Perhaps the most unique feature of Reed’s operation is his labor arrangement.  He hires no help, relying instead on his neighbors and family.  “The small acreage farmers in central Oklahoma and Texas rely on each other, sharing equipment and help.  This is one of the things that does make us unique.  We can help each other on the spur of the moment.”  For instance, when frost threatened his peanuts in early November, he made some calls.  “My best friend came and we had people out here all day.  When he’s ready to work his cattle in the spring, I’ll go help him.”

Reed talks with pride about his farm, family and community.  “I’ve always loved the peanut business.  It’s a very specific, specialty crop.”  On the downside, Reed has watched as the industry changed.  “A lot of infrastructure has been lost, resulting in fewer growers.” 

Reed, like other farmers, voices concern over the future.  “I’m concerned that we don’t have any future stability with the markets.  I was raised under the old programs in which the government sets the support price for manufacturers.”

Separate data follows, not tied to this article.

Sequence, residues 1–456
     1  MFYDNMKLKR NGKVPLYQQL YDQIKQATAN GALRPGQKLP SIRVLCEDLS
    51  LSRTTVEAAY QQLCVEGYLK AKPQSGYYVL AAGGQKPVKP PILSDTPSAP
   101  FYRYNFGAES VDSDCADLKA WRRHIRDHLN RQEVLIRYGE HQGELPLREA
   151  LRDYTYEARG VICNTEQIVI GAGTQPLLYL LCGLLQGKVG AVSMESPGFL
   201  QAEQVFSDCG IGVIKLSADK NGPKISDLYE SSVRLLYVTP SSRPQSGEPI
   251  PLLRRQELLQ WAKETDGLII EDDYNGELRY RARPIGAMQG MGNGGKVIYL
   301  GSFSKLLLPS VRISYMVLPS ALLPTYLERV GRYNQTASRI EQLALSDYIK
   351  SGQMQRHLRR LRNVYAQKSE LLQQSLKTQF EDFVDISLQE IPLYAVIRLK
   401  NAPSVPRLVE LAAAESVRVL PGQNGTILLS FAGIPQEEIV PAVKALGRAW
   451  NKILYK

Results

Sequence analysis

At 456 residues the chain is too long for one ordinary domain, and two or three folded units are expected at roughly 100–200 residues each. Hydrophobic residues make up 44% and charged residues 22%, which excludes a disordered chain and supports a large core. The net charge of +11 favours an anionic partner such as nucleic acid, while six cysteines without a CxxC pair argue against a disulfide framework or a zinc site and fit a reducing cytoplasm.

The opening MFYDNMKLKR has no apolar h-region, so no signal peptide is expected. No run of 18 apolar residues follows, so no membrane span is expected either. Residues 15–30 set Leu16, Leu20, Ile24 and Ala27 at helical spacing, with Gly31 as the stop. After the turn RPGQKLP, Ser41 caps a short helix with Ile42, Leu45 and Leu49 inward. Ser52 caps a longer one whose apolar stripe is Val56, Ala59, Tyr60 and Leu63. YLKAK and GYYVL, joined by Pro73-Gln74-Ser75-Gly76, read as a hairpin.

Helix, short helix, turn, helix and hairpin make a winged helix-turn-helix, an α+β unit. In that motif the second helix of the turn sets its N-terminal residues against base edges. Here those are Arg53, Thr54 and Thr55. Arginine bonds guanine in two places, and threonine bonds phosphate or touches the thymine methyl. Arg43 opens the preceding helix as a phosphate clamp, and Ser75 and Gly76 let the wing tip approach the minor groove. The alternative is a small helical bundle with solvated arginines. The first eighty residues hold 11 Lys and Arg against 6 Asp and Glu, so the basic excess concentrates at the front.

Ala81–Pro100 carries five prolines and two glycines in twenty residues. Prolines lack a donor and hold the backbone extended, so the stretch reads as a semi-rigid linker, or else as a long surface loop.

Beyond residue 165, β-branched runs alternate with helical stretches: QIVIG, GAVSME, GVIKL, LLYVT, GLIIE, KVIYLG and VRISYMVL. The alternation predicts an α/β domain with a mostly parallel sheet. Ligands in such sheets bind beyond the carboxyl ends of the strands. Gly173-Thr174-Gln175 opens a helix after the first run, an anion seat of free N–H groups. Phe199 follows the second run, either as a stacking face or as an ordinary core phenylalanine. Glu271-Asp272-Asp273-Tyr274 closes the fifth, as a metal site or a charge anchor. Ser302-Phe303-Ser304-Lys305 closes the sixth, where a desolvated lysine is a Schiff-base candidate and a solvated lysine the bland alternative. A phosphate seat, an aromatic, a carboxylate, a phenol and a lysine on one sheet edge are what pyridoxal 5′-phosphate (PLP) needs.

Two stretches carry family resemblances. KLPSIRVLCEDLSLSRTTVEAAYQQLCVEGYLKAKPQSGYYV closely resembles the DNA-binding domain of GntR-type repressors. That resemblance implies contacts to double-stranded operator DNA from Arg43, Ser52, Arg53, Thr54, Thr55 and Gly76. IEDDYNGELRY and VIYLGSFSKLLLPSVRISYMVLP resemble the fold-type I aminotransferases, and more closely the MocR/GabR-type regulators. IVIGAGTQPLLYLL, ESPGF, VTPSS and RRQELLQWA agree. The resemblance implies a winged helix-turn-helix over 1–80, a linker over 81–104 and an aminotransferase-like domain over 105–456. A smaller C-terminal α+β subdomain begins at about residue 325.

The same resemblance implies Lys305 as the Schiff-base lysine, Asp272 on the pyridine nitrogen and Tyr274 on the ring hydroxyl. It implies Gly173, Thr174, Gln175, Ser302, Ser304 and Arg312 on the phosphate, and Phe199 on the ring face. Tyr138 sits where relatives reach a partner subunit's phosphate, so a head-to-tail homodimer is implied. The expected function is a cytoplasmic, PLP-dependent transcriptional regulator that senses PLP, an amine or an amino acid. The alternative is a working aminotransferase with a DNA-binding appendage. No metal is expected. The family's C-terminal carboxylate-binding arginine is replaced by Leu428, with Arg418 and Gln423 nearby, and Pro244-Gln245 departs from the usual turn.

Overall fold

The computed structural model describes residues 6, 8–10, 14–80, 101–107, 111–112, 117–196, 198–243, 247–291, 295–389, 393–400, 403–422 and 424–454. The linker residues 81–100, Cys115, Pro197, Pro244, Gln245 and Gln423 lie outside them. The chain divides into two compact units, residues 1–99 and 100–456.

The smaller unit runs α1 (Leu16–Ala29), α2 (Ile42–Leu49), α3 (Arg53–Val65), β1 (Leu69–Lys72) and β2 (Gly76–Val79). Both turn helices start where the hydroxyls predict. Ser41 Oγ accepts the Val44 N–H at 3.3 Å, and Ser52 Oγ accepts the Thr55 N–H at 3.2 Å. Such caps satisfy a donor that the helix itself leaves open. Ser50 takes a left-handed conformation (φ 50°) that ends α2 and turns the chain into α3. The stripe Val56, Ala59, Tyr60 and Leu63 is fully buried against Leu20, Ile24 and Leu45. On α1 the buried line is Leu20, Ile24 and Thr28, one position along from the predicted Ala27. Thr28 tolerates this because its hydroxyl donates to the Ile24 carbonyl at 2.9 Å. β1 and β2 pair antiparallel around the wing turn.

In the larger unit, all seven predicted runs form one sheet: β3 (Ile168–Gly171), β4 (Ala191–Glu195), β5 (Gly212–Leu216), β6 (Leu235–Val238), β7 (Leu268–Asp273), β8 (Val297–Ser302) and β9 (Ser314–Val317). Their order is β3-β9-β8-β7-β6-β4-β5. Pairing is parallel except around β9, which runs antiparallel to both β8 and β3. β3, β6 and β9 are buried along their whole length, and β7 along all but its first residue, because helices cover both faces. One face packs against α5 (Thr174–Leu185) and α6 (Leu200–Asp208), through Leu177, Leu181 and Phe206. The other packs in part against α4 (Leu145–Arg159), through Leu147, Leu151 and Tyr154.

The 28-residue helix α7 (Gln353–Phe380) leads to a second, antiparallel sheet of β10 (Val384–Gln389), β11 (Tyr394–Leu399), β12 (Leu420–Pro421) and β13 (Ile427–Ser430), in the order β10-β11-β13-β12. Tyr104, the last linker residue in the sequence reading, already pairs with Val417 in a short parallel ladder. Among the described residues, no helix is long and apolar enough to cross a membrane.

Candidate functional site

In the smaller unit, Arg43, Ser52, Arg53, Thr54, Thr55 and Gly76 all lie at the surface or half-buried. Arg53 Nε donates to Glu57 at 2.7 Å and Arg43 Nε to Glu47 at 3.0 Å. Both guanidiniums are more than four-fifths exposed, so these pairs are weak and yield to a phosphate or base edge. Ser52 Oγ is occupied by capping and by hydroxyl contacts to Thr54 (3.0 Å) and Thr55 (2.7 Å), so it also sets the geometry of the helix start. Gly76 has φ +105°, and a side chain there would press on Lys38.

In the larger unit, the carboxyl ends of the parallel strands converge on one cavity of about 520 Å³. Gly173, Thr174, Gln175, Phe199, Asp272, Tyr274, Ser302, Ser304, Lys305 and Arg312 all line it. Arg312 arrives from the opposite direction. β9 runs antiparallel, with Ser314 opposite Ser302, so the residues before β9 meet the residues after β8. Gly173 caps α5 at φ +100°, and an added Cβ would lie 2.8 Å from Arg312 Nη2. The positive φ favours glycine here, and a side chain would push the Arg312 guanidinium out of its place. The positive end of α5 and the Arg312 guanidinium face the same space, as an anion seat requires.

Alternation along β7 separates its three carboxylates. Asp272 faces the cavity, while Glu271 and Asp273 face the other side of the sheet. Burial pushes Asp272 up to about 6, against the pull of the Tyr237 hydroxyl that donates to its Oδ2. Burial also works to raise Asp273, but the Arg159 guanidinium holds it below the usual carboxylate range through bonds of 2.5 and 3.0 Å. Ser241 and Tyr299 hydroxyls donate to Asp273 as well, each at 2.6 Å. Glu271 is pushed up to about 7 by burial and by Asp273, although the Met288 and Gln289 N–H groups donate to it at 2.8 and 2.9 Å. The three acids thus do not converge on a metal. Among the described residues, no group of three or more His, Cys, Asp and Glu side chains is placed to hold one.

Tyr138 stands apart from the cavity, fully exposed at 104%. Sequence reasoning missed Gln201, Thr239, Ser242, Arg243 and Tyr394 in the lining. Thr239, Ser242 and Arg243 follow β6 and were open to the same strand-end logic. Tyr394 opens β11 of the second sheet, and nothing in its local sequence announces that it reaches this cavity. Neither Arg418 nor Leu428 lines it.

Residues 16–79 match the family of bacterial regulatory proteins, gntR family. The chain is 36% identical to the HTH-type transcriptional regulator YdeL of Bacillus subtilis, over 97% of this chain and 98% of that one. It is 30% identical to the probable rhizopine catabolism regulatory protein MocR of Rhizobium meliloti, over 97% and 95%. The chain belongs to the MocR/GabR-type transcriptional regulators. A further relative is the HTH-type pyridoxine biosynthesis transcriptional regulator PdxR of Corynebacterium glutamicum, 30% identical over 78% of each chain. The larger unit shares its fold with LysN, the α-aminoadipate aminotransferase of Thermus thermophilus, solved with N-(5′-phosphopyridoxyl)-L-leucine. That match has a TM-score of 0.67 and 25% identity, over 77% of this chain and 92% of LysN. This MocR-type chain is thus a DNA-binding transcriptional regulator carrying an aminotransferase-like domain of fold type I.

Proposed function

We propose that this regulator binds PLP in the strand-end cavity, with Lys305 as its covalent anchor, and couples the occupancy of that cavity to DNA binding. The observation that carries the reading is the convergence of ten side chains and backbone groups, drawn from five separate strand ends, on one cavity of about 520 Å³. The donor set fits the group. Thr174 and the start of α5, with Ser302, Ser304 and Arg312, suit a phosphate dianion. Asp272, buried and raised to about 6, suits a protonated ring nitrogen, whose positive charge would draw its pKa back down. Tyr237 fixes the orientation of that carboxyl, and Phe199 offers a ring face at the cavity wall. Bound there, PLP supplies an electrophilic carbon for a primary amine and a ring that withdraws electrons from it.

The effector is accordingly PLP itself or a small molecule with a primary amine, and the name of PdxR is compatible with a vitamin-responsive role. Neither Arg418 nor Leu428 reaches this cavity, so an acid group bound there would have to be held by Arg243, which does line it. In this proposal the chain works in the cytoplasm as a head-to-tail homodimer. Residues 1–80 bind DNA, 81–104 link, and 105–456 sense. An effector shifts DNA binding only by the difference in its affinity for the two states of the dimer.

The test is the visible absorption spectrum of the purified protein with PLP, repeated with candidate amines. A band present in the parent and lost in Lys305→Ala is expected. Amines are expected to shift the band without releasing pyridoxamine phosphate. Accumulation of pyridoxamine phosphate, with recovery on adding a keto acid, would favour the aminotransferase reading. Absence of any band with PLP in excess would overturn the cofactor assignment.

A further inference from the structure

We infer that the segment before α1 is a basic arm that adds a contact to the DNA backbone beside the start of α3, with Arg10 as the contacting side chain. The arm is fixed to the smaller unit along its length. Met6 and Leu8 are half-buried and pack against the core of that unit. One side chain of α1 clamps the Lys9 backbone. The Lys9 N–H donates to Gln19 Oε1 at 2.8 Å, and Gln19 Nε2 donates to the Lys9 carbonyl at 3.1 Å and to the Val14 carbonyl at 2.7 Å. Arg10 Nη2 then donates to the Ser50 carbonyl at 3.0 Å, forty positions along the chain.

In addition to row crops, the Reeds also run a cow/calf operation with approximately 150 head of Maine Anjou.  He laughs when thinking about his parents’ views on cattle.  “Mom loved them; Dad hated them!”

Although Reed and his wife Karen talk about retiring one day, he says he’ll always have a few cows and will grow peanuts.  “I don’t know if I’ll ever retire.  There’s nothing I love more than sitting on a tractor and watching the ground turn over.”  With five children and nine grandchildren, there’s never a lack of motion.  “They all love to come out to the peanut field.”

Humble, Reed deflects any attention from his own accomplishments.  “He won’t tell you, but he really is the one who makes it all work.  He has vision,” says his wife Karen. 

In the past, Reed has been a member of the Oklahoma Peanut Commission and served on the board of the Southwestern Peanut Growers Association.  He has also earned the distinction of having the highest grade in his county. 

When asked about advice to aspiring farmers, he hesitates.  “I’d tell them to get a good education first.  Then if you still choose ag and it fits, try it.  It’s just difficult to get into agriculture today unless your family has been in it.” 

It is those relationships of which he is most proud.  “To be able to have the community and friendships...I really appreciate the community of farmers across this state and the life it provides me.”